This enhancement in frequency on the Delhi-Vancouver route caters to growing traffic between India and Canada and has been enabled by the return to service of the wide-body Boeing 777-300 ER aircraft.

The increase of frequency on the Delhi-Vancouver route marks the first step in restoring Air India’s fleet and international network.

 The increase in frequency between the Delhi-Vancouver route is the first step towards restoring Air India's fleet and network.

Following its acquisition by the Tata Group in January this year, Boeing has been working closely with Air India to restore aircraft that had been grounded for prolonged periods due to the Covid-19 pandemic and other reasons.

"The progressive restoration of these aircraft has already allowed Air India to increase schedule resilience and will allow further frequency and network increases over the coming months."Airline said in a statement.

In the last week of July, Wilson had asked the airline's integrated operations control centre (IOCC), which is the "nerve centre" of any carrier, to report directly to him and give recommendations on how to improve the on-time performance.

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Vistara leases B787 Dreamliner to increase international flights operations

Radhika Bansal

08 Aug 2022

Full-service airline Vistara is inducting the third Boeing 787-9 Dreamliner into its fleet. The Tata Sons-Singapore Airlines joint venture plans to use the new aircraft to increase its flight frequency to Frankfurt and Paris from October 30, 2022.

Vistara is looking to operate six weekly flights between Delhi and Frankfurt and five weekly flights between Delhi and Paris from October 30 this year. It has also opened bookings for additional flights.

ALSO READ - Vistara in talks with lessors to fill the long-haul gap in the wake of B787 delays

Earlier in March, Vistara CEO Vinod Kannan told Reuters that the domestic airline was in talks with lessors for long-haul aircraft to bridge the gap left by Boeing 787 deliveries.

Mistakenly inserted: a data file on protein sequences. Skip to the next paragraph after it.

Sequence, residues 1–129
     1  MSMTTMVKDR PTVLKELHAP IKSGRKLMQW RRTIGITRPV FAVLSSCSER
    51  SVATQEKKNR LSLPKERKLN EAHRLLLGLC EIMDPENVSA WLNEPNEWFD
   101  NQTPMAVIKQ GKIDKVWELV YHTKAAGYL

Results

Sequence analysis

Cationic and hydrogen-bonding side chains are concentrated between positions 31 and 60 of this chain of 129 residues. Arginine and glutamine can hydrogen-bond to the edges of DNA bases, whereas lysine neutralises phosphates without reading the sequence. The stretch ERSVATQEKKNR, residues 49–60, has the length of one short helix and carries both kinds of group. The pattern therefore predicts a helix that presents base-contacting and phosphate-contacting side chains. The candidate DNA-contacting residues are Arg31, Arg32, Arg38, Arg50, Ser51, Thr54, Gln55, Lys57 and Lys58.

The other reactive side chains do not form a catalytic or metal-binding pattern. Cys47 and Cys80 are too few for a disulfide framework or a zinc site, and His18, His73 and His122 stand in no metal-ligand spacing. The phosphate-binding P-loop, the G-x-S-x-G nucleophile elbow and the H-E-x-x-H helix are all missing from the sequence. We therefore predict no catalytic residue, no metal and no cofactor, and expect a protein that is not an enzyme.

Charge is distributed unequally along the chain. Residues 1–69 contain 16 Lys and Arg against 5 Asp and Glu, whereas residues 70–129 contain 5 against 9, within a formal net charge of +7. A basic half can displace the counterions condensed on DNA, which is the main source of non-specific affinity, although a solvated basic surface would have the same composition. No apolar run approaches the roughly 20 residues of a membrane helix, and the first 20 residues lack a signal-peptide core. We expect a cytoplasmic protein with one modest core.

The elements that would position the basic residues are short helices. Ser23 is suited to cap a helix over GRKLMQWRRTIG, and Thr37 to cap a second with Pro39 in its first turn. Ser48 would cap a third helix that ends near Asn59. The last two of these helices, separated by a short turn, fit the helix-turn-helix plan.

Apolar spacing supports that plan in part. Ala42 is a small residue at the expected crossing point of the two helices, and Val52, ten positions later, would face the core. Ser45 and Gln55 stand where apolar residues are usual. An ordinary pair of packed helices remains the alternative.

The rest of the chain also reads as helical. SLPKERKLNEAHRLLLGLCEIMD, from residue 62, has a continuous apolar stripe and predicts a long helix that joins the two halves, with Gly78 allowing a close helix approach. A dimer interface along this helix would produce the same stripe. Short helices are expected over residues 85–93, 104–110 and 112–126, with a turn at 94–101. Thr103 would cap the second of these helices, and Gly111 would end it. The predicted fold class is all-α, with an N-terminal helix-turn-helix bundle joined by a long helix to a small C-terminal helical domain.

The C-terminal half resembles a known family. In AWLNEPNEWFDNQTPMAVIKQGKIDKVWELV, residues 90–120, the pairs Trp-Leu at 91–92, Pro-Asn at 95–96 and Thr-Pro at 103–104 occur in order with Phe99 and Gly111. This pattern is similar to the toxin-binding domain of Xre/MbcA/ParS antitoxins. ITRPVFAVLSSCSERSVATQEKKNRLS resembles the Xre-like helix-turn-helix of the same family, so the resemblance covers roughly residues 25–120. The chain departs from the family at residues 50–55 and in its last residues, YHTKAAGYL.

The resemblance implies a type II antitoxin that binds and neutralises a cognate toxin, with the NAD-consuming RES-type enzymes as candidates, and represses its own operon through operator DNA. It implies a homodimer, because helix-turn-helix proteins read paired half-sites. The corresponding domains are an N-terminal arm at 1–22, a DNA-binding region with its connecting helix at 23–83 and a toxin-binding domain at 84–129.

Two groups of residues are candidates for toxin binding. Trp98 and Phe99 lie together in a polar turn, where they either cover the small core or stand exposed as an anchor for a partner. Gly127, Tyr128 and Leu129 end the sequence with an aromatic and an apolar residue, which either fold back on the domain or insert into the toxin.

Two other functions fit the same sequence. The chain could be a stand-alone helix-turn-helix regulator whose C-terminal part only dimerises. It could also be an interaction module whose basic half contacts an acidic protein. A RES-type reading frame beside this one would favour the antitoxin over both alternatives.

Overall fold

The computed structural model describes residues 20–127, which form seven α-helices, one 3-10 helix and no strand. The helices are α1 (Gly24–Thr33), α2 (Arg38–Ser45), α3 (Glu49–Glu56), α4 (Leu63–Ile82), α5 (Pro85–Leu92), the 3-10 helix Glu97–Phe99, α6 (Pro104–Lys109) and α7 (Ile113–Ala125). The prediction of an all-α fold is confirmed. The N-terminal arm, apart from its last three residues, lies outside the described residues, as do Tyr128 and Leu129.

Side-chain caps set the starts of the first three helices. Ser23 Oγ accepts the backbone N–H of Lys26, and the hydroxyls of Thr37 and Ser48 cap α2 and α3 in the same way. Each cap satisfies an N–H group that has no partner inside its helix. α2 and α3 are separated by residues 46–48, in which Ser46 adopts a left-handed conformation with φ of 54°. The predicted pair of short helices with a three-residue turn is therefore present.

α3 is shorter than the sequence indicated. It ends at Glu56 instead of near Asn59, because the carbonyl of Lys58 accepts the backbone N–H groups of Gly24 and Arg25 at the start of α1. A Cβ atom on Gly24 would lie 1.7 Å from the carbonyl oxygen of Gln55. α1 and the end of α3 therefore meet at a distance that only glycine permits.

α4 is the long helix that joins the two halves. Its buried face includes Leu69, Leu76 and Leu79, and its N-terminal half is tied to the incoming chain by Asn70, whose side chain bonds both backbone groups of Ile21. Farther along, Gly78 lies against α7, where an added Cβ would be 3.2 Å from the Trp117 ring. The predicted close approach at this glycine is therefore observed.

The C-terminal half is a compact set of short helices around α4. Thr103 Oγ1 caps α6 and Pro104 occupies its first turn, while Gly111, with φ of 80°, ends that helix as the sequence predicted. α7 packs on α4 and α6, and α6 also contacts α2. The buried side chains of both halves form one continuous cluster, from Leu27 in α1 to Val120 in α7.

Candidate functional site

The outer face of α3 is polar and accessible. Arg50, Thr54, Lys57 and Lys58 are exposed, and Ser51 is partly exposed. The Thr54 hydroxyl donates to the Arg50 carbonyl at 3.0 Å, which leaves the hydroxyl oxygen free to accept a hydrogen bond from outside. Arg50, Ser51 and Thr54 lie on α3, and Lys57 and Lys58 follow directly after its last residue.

Vistara leases B787 Dreamliner to increase international flights operations

ALSO READ - FAA halts B787 deliveries due to structural issues

Vistara had to take the plane on the lease because Boeing had not delivered four more Dreamliner planes to it for two years. The Federal Aviation Administration (FAA), the US aviation regulator, wants Boeing to make rectifications in Dreamliner's production line before restarting the deliveries.

In the past week, Boeing has received preliminary clearance from the Federal Aviation Administration (FAA) to resume deliveries after going over a year without any.

ALSO READ - Boeing to resume 787 Dreamliner deliveries

Boeing last delivered a Dreamliner in May 2021 and hopes to restart deliveries this year and clear a backlog of 115 already-built aircraft.

Vistara had to take the plane on the lease because Boeing had not delivered four more Dreamliner planes to it for two years.

Vistara had ordered six Dreamliner planes in 2018 but has received only two from Boeing. The second plane was delivered in August 2020. Since then, it has been waiting for the other Dreamliners to boost its international flight operations.

Dreamliner is a wide-bodied aircraft with a bigger fuel tank that allows it to easily operate on long-haul international routes. Vistara Dreamliners have a business, premium economy and economy cabins.

The third Dreamliner being inducted aircraft will also feature fully-flat business class seats, each with direct aisle access, and a separate premium economy cabin.

Vistara Dreamliners have a business, premium economy and economy cabins.